The program also has provided ways for alumni to stay engaged with research at MTSU while pursuing graduate degrees elsewhere. Devin Adcox (’19) served as a field assistant for the 2022 and 2023 field seasons while he was working to complete a master’s degree in Anthropology at California State University–Chico. This fall, Adcox started his doctoral program at the University of Tennessee. Connections like these are vital as MTSU continues building its community of scholars.

Current student Audrey Lauerhass participated in the 2022 field season and served in a professional capacity as a field assistant for the 2023 season. Lauerhass is a double-major in Anthropology and Forensic Science, and she will be completing her Honors thesis in December. She used data collected in the 2021 and 2022 field seasons to create predictive maps to guide excavation strategies in the 2023 season. Her efforts allowed for the most efficient use of time and resources during the summer.

Everette Merian with community display

This interdisciplinary project demonstrates the breadth of creativity and science that is the hallmark of liberal arts education. Everett Merian (’23) decided to use their field experience from the 2022 season and community connection to create an informational display for the town hall. Merian’s creative talent for design and Fracchia’s experience in public archaeology resulted in the construction of a display that included information about the history of World War II and  the crash, as well as non-evidentiary artifacts recovered from the crash site.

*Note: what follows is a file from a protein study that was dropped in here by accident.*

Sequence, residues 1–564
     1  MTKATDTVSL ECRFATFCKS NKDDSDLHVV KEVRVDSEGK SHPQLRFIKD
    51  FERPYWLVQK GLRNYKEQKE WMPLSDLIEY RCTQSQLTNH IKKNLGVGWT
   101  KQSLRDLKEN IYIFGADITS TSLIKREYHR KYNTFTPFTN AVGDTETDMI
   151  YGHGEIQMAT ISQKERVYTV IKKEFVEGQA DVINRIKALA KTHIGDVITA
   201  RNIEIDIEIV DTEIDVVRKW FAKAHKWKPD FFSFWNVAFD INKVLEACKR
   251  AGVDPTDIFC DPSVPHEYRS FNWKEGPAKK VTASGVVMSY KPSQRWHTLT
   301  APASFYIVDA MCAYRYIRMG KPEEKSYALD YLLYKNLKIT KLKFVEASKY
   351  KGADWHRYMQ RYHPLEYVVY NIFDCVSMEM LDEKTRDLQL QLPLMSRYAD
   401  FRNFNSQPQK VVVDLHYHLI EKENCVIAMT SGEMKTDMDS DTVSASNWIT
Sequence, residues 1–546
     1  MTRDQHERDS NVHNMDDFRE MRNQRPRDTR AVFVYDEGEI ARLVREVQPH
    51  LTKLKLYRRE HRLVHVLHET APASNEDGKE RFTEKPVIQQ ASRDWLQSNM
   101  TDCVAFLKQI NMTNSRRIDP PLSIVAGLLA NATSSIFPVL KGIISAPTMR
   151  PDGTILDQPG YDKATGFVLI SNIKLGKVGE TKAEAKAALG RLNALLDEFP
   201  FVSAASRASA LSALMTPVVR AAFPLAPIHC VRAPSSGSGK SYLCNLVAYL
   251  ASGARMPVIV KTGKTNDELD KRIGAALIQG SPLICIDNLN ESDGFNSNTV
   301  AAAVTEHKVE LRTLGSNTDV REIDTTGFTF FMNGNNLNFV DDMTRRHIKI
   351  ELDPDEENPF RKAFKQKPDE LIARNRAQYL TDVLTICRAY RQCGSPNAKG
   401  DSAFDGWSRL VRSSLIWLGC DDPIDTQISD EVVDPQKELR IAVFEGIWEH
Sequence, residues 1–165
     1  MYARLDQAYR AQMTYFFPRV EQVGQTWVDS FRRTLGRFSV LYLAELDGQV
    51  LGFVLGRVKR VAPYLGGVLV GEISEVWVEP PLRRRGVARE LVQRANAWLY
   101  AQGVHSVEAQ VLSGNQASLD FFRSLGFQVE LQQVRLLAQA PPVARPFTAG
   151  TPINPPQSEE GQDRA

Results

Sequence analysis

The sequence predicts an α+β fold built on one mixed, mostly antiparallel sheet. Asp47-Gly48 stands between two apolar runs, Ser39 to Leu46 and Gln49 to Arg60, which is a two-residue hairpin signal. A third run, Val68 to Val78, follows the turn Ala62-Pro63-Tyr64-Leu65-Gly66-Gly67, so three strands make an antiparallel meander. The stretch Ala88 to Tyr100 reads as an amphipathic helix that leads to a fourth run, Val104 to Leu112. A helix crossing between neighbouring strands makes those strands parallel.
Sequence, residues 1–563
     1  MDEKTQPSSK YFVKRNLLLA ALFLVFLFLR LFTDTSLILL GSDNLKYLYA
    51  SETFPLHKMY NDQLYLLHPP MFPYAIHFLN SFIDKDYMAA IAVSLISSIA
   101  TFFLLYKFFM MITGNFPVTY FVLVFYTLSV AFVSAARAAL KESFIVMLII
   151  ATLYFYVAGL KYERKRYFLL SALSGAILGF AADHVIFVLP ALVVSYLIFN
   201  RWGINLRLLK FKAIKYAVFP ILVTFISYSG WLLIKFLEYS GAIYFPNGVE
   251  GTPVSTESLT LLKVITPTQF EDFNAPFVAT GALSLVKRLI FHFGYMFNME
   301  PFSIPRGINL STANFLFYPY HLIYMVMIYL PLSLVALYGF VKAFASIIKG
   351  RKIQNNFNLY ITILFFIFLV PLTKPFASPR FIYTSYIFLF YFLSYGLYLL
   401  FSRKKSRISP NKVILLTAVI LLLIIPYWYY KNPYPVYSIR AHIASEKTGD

The display was completed as part of Merian’s MTSU Honors thesis project and was unveiled in the town hall at a reception hosted by the mayor’s office during the 2023 field season.

Saul’s experience as a forensic anthropologist and Fracchia’s expertise in historic archaeology have allowed them to build an educational experience that lets students explore careers in forensic archaeology and international humanitarian service. They have encouraged students to look beyond the artifacts and field methods and consider the impact the work has on  the local community and the collective memory and memorialization of the events of World War II.

2022 group examining WWII aircraft wing